Canada has joined a global Indigenous trade forum that International Trade Minister Mary Ng says will help First Nations entrepreneurs benefit from free trade agreements.
At a ceremony in Ottawa with First Nations, Métis and Inuit representatives from throughout Canada, the minister announced that Canada is joining the Indigenous Peoples Economic and Trade Co-operation Arrangement.
Ng said the move is a "milestone" and will help 50,000 Indigenous businesses find new international markets.
The ceremony, held before an array of totem poles at the Canadian Museum of History in Gatineau, Que., included Indigenous drummers and dancers and Inuit and Métis prayers and ceremonies. The minister exchanged symbolic gifts, including a painting and tea and tobacco, with Indigenous guests.
The event was also attended by representatives of Indigenous people from overseas, including Maori from New Zealand.
In her speech, Ng paid tribute to First Nations' businesses and said support would be offered by the government to help these companies, including those from Nunavut and remote communities, access international markets.
"Indigenous Peoples are the founders of trade in Canada — you are our first traders, our first entrepreneurs, and our first exporters. Today we still rely on the foundations that you and your ancestors have built," she told the audience.
"We have a responsibility to do more to ensure that Indigenous Peoples reap the benefits of today’s globalized trade."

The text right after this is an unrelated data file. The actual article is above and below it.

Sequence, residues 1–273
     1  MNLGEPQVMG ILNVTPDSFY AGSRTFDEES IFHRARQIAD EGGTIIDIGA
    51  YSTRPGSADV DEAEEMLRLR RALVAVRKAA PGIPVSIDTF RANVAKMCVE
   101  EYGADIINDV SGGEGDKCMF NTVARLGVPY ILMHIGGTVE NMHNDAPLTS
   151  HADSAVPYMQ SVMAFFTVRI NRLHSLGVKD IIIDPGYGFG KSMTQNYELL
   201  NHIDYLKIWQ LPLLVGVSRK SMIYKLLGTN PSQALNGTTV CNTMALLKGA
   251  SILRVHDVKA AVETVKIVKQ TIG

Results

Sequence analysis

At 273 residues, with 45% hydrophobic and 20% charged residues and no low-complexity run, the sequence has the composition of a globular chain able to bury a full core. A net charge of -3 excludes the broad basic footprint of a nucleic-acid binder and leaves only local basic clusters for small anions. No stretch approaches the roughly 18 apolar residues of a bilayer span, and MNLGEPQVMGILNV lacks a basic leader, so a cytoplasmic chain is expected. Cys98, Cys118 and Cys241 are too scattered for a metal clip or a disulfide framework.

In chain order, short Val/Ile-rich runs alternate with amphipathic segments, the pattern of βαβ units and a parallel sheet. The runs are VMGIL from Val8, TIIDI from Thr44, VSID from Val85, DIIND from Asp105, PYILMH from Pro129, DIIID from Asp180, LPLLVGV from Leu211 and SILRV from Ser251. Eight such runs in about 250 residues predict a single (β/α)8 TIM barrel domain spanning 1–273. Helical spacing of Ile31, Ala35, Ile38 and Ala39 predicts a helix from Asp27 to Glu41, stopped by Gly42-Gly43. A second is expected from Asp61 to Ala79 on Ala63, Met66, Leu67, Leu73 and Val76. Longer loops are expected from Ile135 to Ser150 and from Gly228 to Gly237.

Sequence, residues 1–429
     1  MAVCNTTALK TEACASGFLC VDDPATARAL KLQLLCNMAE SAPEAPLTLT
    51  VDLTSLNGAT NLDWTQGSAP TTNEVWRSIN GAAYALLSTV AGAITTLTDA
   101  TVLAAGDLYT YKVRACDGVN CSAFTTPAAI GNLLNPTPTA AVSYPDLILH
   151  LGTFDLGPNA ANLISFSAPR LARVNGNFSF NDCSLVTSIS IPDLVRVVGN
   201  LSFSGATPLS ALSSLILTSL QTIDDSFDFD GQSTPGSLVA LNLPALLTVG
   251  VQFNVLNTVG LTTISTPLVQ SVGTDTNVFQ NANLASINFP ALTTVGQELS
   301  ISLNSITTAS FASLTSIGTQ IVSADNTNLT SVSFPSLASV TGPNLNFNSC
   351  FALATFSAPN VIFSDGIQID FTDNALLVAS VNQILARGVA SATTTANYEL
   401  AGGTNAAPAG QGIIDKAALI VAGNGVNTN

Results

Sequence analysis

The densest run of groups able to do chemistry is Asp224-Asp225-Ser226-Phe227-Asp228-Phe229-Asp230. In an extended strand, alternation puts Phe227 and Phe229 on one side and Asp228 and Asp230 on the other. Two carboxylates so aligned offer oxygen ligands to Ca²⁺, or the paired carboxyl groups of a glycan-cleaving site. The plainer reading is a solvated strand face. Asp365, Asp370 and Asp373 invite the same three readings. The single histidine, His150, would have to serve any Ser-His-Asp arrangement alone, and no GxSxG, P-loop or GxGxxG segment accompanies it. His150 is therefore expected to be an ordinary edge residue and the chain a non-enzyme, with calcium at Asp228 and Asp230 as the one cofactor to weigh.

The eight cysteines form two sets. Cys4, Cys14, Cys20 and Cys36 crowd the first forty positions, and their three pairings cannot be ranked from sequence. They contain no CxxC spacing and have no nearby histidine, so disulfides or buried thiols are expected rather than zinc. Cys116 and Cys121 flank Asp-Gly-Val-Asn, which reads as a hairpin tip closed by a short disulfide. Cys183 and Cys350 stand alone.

There are more than 50,000 Indigenous-owned businesses in Canada and they contribute close to $30 billion to the economy each year.
They include Raven Reads, a company that sends curated boxes of Indigenous-authored books and giftware and has 3,000 subscribers in 20 countries around the world.
Ng said by joining the arrangement, Indigenous entrepreneurs can also share know-how with Indigenous businesses around the world.
She did not specify how much entering the arrangement could be worth to Canadian First Nations businesses.
Liberal MP Jaime Battiste, the first Mi'kmaw member of Parliament in Canada, said the arrangement "integrates Indigenous ways of knowing and being."
"This is not only about making profits but protecting the land and resources," he said.
In her closing address, Métis elder Mary-Louise Perron said the collaboration would help fuse closer links between Indigenous Peoples around the world, and not just through trade.
"We must make sure we are not only focused on 'things' but how we work together," she said.